Norway’s left-leaning opposition has ousted the country’s Conservative-led government in parliamentary elections, exit polls have predicted, but the exact shape of the “Red-Green” coalition set to run the Nordic country is far from clear.
The Labour leader, Jonas Gahr Støre, is on course to be the next prime minister after the centre-left party won a projected 48 seats in Norway’s 169-seat parliament, with his preferred three-party coalition on course for a slim majority of 88 MPs.
However, Støre’s potential alliance with the agrarian Centre party, on 26 seats, and the Socialist Left, with 13, is divided over whether or not to also enlist the support of smaller leftwing parties including the communist Red party and the Greens.
Whatever formation emerges would require the future prime minister to convince his potential leftwing partners to compromise on a wide array of policies ranging from oil and private ownership to Norway’s relations with the EU.
“We will take plenty of time to talk to the other parties, and we have respect for the fact that this has not been decided until it has been decided,” Støre, 61, a former Norwegian foreign minister, said on his way to Labour’s election party on Monday.
Negotiations could have a major impact on fossil fuel production in western Europe’s largest oil and gas producer, with the Socialist Left opposing further exploration and the Greens, on course for seven MPs, demanding a halt to production by 2035.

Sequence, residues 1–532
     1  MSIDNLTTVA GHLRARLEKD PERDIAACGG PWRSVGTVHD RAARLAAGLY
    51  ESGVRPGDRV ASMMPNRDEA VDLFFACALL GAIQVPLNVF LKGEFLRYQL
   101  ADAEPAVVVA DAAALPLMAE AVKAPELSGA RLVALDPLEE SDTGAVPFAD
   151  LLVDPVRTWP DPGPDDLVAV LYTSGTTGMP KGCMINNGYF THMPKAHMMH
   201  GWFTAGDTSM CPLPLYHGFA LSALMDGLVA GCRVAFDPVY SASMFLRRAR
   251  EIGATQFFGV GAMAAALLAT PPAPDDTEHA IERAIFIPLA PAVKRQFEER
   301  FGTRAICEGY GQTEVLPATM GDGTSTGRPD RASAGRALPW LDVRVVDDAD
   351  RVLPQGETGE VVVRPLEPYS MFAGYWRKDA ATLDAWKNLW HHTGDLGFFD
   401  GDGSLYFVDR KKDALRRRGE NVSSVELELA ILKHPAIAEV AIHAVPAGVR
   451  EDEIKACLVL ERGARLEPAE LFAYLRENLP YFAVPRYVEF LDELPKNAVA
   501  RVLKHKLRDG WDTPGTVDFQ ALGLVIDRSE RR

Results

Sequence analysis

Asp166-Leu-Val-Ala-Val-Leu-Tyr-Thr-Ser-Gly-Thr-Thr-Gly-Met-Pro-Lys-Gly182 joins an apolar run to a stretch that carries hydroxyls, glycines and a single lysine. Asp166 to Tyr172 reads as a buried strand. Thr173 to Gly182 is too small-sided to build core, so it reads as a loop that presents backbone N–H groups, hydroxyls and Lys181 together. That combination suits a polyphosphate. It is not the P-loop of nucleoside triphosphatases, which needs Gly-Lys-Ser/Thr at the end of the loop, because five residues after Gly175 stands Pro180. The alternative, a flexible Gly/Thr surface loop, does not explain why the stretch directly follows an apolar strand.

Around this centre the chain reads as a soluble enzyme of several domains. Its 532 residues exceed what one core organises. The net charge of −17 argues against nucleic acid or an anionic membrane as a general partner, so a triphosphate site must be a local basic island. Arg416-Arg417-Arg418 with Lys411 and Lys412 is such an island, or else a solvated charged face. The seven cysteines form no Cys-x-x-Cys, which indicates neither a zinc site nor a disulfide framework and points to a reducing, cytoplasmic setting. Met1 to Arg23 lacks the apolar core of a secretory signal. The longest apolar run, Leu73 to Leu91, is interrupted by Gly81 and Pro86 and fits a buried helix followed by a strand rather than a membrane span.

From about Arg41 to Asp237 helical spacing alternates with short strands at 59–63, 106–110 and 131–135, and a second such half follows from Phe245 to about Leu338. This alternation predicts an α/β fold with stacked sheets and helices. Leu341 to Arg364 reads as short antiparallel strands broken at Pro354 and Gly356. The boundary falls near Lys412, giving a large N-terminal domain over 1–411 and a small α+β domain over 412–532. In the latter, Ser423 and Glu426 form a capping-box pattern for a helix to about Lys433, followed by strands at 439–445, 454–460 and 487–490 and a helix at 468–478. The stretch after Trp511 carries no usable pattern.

Climate change and economic inequality dominated the election campaign after the publication last month of the UN’s Intergovernmental Panel on Climate Change’s stark warning that global heating is dangerously close to spiralling out of control.
Outgoing prime minister Erna Solberg’s Conservatives won a projected 37 seats, eight down on 2017, with their coalition partners, the Christian Democrats, and the anti-immigrant Progress party, which left government in 2019, also shedding MPs.
Støre, who said he had a “good feeling” as he voted at a central Oslo school on Sunday, has rejected the Green party’s ultimatum and expressed reluctance to enter government with the Red party, projected to have eight MPs.
Both the Conservative party and Labour advocate a gradual withdrawal from oil and gas, which account for 14% of Norway’s GDP and 40% of exports, provide 160,000 direct jobs and have helped the country build up a €1.2tn (£1tn) sovereign wealth fund.
They argue that oil firms need time to adapt their engineering prowess to pursue green technologies. “I believe that calling time on our oil and gas industry is the wrong industrial policy and the wrong climate policy,” Støre said after voting.
“The demand for oil is on a downward path. We don’t need to decree it, but instead [use the revenues] to build bridges to future activities,” Labour’s energy spokesman, Espen Barth Eide, told Agence-France Presse.
Observers have said potential coalition divisions over the question could result in a compromise that would entail excluding some waters for future oil exploration, particularly in the Arctic.
Another possible bone of contention in a left-leaning coalition is Europe, with Norway’s membership of the European Economic Area (EEA), strongly favoured by Labour but opposed by the Eurosceptic Centre party, the Socialist Left and the Reds.
Støre has said his government would focus on cutting the country’s CO2 emissions in line with the 2015 Paris Agreement, but rejects any ultimatum on energy policy.